Beulah had gasped before letting her bladder relax, so it would appear that this was truly an accident, but then she had raised one eyebrow and cocked her head when Claire finally gotten her positioned on the commode. Claire only glared in return and dropped a roll of toilet paper in Beulah’s outstretched hand. She was sure the octogenarian had done it on purpose. Claire was sure Beulah was getting her revenge.

To be continued tomorrow

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A little fiction – Indulge the blogger

I feel my jaw pop as I yawn while staring at the clock. It’s only 5:30, and although it’s been two years, I’m still not able to reset the internal monitor that wakes me before sunrise. The silence in the house has, and as always, puts me in even more of an alert state. Entering the still-dark family room, I notice, abandoned on the coffee table, the pile of mail from yesterday. The manila envelope on top has the familiar English script logo of Draper Legal.


Despite the legal jargon that gives me a headache and makes me wonder if they are charging me by the word count, mail means progress — snail pace progress — but progress all the same. Two years should be long enough for Draper to settle my libel suit against Copeland Regional. It’s ironic that administration was so quick to accuse me of wrongdoing and so slow to respond to all Draper’s legal filings for settlement.
I’m going to bring them down, I think to myself. It’s been my daily mantra for some time.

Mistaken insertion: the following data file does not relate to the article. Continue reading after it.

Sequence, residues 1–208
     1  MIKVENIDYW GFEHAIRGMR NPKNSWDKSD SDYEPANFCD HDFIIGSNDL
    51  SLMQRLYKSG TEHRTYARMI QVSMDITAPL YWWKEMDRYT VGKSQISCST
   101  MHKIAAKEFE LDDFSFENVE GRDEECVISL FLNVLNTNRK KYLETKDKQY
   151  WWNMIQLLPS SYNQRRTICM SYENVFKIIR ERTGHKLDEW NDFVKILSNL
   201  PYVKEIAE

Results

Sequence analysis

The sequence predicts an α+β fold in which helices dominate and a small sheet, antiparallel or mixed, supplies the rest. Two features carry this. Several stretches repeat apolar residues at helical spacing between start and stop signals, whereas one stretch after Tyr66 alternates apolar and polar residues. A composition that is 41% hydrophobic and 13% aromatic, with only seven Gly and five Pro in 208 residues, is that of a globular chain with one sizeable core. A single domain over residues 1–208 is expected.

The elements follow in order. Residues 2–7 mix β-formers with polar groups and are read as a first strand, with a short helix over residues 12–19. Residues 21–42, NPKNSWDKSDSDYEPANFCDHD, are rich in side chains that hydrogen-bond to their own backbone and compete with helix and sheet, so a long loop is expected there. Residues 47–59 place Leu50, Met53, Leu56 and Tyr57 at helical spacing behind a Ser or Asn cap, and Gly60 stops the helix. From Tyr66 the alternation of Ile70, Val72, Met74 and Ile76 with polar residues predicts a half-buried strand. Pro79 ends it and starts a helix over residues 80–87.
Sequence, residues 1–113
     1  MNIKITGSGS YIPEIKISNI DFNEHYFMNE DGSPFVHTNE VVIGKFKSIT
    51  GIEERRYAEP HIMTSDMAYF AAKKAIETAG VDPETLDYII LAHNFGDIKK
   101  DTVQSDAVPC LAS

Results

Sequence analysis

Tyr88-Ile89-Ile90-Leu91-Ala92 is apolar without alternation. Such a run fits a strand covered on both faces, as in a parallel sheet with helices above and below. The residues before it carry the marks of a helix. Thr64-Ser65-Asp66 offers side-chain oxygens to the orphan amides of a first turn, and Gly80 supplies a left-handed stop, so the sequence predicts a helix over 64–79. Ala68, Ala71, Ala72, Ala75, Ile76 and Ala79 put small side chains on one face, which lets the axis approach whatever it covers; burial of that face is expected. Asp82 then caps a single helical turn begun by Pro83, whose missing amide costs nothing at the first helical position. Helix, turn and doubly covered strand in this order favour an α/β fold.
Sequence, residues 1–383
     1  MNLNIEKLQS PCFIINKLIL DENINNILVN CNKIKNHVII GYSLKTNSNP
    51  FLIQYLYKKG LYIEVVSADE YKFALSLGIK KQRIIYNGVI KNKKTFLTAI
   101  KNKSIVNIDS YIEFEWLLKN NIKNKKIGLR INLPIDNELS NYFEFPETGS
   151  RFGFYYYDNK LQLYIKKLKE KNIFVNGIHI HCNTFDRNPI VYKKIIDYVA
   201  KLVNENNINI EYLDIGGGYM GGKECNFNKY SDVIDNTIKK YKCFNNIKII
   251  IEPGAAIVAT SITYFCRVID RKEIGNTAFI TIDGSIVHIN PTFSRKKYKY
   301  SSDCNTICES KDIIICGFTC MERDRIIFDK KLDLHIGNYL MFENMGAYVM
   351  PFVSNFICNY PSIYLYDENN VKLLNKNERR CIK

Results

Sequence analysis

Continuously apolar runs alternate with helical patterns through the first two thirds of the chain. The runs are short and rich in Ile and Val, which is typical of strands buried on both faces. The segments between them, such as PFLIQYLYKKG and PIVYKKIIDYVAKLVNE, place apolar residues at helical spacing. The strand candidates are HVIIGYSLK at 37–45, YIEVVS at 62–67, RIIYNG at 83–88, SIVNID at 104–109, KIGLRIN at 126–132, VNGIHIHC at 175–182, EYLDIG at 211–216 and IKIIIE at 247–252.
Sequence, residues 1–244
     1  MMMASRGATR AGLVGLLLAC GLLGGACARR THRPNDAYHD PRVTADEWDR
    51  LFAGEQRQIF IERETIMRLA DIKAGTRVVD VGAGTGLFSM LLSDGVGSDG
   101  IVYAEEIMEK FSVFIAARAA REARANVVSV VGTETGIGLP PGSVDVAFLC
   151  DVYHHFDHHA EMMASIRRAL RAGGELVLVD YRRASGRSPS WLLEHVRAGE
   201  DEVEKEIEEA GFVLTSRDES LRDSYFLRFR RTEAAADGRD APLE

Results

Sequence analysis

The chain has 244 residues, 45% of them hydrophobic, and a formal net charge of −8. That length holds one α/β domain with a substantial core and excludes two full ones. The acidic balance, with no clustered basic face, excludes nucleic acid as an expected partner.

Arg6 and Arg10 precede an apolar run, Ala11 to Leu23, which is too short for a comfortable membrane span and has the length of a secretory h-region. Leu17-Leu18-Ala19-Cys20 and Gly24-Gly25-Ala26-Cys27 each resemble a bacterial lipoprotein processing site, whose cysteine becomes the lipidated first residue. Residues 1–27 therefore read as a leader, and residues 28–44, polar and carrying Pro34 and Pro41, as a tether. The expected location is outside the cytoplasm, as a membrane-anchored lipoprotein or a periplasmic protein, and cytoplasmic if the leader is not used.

Pushing the envelope off the top of the pile, I see the bold type from the flyer below staring back at me. NURSING, THE PROFESSION THAT WILL CHANGE YOUR LIFE.


Jobs don’t change people. Or it would be better for me to say that jobs shouldn’t change people. People should go into their careers with their intellect and emotional maturity fully developed. The whole “Nurses eat their young” saying—there’s a reason for it. I have trained more than a dozen nurses and the first order of business is always to weed out the weak ones. There is no room for insecurity. Insecure nurses let their emotions drive their actions and their need to please impairs their ability to think independently. After pushing both pieces of mail to the center of the table, I head outside for some fresh air. I don’t want to think about nursing.

Dragging the sliding glass door open, quietly, so as not to wake Scarlett, I step out onto the chilly porch. In the pre-dawn, bedroom lights from neighboring houses have cut squares through the woods that surround the yard. Standing as still as I can, I strain to hear the barn owl that everyone says lives behind the houses, but hear only the whoosh of cars along the road that curves through the neighborhood. It’s been a year since Scarlett’s best friend, Trace, died in a car accident, a year during which Scarlett started drinking, smoking, and taking her anger out on everyone. Back then, when I had wandered out of my room in the too-early morning, I would find Scarlett sitting red-eyed on the couch staring at music videos with the volume turned down. She had stopped looking at me when we spoke. Scarlett only stared at a point inches above my brow.

She fought it at first, but after months of weekly counseling sessions, the new year brought with it a new, or renewed, Scarlett. She was still moody from time to time, but not more than I expected from a teenager. Now, we have a rhythm to our lives. I see the loss of a friend as a rite of passage for Scarlett, and I have a respect for the fact that she has gotten back on her feet. Scarlett is doing well in soccer and pulling out high marks in several classes.

Just over the trees, I can see that the black sky is beginning to lighten to deep blue. It must be close to 6:00 am. My showers sometimes wake Scarlett up, and I don’t want to rob her of her last thirty minutes of sleep, so I head back to my room extra quietly. Knowing Scarlett is sleeping peacefully across the hall gives me a sense of comfort that nothing else can replicate.